Marketing Tips: Get your app or game noticed
With so many apps and games on the market today, journalists just don’t have time to play them all, causing a number of great independent apps and games to remain under the radar. However, there are some simple things you can do to raise awareness and increase the chances of securing reviews for your creation. The tips below are tried and true tactics that successful developers and PR professionals use all the time when trying to secure reviews.
- Make a website. Even if it's just a blog, you need a web presence. Not only does this help build credibility, but it makes it easier for journalists to find out more about you and your apps or game. Make sure your contact information is easily discoverable and include screenshots, trailers and other information that will help readers quickly and easily get a sense for what your apps or game is all about. And when you're sending out press releases or other information, don't forget to link back to your site!
- Don't overlook your product's name. It pays to be creative and memorable, but don't forget about all the free tools at your disposal to help ensure you stand out. For example, before you name your app or game, run an internet search to see how many results appear with your potential title. The fewer the better.
- Polish your press release like you polish your product. Media tell us one of the most common reasons they delete a release is because it is poorly written or dull. Once you've written (and then rewritten) your release, have someone else proofread it. Ideally, you'll have another developer read it to make sure it's spot-on technically, but it's also a great idea to have a non-gamer/non-developer read it just to make sure it's digestible, compelling and likely to appeal to a broader audience (assuming that's what you want!). Don't have someone readily available to proofread? Ask the #XNA or #WP7Dev community on Twitter – there's always someone ready and willing to help.
- Judge a book by its cover. We hear from journalists that they often base what they download and try on the look and feel of a app or game — its tile/box art and description — so it's critical to ensure these are as polished as possible. Don't forget the spellcheck and have another person help you with editing. It also pays to do some research on cinematography before creating your cover art – developers we hear from say the angle of the shot means more than you think.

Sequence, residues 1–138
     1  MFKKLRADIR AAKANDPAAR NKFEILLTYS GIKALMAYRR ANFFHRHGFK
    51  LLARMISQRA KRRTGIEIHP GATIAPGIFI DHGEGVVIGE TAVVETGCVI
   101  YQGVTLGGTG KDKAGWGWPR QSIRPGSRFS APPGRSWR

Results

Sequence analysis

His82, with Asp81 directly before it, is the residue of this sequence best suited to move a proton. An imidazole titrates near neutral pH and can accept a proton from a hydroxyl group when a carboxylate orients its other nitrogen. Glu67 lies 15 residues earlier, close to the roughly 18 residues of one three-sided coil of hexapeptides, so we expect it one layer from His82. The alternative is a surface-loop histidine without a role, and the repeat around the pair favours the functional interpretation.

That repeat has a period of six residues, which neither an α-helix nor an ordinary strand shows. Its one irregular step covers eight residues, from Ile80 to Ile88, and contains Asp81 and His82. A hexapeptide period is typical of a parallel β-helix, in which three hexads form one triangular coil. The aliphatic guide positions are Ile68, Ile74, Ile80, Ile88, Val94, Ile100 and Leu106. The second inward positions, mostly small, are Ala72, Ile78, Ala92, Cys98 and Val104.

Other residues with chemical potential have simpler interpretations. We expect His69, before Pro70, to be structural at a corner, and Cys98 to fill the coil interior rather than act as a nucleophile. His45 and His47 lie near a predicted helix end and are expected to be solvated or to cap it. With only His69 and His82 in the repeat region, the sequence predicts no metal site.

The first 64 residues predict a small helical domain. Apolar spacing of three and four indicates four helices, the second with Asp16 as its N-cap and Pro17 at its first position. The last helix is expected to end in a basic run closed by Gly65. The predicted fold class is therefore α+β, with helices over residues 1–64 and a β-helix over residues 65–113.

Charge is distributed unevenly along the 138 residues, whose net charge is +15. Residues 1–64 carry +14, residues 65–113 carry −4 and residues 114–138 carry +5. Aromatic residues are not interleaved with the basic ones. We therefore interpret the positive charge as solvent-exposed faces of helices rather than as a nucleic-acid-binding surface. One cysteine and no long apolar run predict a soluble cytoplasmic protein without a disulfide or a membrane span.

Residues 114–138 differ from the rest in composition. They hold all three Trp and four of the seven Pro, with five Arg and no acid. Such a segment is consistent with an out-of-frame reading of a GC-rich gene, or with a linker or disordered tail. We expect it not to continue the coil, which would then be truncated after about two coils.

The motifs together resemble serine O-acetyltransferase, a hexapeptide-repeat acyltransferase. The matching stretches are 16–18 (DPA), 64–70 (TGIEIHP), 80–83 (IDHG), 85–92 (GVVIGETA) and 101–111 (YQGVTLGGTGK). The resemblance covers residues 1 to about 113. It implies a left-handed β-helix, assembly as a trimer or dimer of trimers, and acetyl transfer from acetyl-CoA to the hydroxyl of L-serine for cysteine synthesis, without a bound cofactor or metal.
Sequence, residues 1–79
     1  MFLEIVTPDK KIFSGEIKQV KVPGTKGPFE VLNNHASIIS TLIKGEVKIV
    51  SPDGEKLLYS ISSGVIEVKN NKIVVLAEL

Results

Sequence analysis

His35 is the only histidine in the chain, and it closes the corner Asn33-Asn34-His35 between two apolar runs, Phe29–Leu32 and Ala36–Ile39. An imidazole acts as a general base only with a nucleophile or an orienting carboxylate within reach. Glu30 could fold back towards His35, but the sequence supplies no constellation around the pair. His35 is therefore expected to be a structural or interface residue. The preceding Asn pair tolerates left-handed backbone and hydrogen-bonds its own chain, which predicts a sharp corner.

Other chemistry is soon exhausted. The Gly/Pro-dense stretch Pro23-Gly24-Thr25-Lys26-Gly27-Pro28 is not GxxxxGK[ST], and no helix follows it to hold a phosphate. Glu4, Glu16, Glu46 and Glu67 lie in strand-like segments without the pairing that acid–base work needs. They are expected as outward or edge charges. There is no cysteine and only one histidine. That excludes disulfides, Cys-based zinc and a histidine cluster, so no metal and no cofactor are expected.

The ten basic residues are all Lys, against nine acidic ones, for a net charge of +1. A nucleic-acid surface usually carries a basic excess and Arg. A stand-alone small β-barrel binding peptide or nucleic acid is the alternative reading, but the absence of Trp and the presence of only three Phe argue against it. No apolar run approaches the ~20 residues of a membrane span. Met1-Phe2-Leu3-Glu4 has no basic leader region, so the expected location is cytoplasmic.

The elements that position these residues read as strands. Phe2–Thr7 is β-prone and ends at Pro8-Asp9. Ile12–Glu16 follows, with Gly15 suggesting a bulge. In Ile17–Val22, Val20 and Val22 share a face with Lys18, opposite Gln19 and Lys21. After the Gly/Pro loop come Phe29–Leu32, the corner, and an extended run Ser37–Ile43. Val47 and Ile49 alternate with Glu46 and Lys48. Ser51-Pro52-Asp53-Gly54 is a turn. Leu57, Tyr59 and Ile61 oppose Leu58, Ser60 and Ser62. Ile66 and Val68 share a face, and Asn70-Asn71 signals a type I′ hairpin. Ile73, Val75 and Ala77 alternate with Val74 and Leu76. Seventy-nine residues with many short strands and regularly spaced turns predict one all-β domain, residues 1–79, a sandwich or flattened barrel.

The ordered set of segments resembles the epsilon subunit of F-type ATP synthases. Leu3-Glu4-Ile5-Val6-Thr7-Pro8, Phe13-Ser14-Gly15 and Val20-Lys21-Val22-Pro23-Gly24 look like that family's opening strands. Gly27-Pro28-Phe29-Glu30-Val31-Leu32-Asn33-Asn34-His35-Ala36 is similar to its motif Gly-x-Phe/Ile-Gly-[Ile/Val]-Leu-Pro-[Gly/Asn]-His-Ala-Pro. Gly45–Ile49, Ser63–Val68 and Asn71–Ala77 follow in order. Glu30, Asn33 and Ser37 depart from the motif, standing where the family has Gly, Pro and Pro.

- Polished (and short) trailers reign supreme. A flashy promotional video is a great way to get the attention of media and gamers alike. But, it's important to keep a couple things in mind: keep it short (under two minutes is ideal) and make sure it's "incredibly polished" (as one developer in the XNA community says).
PR Tips for Promoting Your App or Game
Once you've established your web presence, finalized your art and queued up the press release, what's next? Below are more tips that are essential to ensuring your product gets the attention it deserves – at the right time and from the right people.
- Find the right publication. While there are a number of print publications that do reviews, online publications and blogs post reviews more frequently and cover a wider range of apps and games, making them a great place to start.
Read each publication carefully to ensure that it is absolutely relevant.
- To find online publications that review video games, try searching Technorati, Bing News, Blogpulse or IceRocket for reviews of game titles that are comparable to yours.
- To find online publications that review mobile applications, try searching Gizmodo, Engadget, or Pocket-lint for reviews of apps that are comparable to yours.
- Identify the right person to contact. Once you find the right publications to pursue, identify the most appropriate journalist to contact. Search for journalists who have reviewed products similar to yours in the past. Read what they have written recently and search their archives to find out what they are interested in. Become familiar with the tone, content and length of their reviews. There is a wealth of indie gaming journalists on Twitter and, as we heard during our #DevChat, many are willing and eager to have information sent to them directly. Some developers take a more direct approach, Tweeting out their email and asking interested journalists to let them know they'd like to be added to their press lists.